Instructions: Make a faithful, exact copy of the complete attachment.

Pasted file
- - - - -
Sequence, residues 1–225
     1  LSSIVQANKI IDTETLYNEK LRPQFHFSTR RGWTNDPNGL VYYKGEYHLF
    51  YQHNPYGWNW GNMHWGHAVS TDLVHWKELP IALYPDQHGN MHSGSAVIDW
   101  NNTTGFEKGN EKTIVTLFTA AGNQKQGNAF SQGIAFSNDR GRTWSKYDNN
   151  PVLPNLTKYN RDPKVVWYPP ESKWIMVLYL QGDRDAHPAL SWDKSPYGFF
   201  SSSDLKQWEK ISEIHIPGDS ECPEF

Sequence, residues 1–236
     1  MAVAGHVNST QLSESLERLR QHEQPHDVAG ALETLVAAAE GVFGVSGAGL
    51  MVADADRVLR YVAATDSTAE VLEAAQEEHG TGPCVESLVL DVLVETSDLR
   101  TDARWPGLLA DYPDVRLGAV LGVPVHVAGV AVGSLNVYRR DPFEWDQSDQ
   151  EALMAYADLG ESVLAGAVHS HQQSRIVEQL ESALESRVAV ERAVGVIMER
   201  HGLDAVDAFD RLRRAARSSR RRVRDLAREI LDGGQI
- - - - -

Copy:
Sequence, residues 1–225
     1  LSSIVQANKI IDTETLYNEK LRPQFHFSTR RGWTNDPNGL VYYKGEYHLF
    51  YQHNPYGWNW GNMHWGHAVS TDLVHWKELP IALYPDQHGN MHSGSAVIDW
   101  NNTTGFEKGN EKTIVTLFTA AGNQKQGNAF SQGIAFSNDR GRTWSKYDNN
   151  PVLPNLTKYN RDPKVVWYPP ESKWIMVLYL QGDRDAHPAL SWDKSPYGFF
   201  SSSDLKQWEK ISEIHIPGDS ECPEF

Sequence, residues 1–236
     1  MAVAGHVNST QLSESLERLR QHEQPHDVAG ALETLVAAAE GVFGVSGAGL
    51  MVADADRVLR YVAATDSTAE VLEAAQEEHG TGPCVESLVL DVLVETSDLR
   101  TDARWPGLLA DYPDVRLGAV LGVPVHVAGV AVGSLNVYRR DPFEWDQSDQ
   151  EALMAYADLG ESVLAGAVHS HQQSRIVEQL ESALESRVAV ERAVGVIMER
   201  HGLDAVDAFD RLRRAARSSR RRVRDLAREI LDGGQI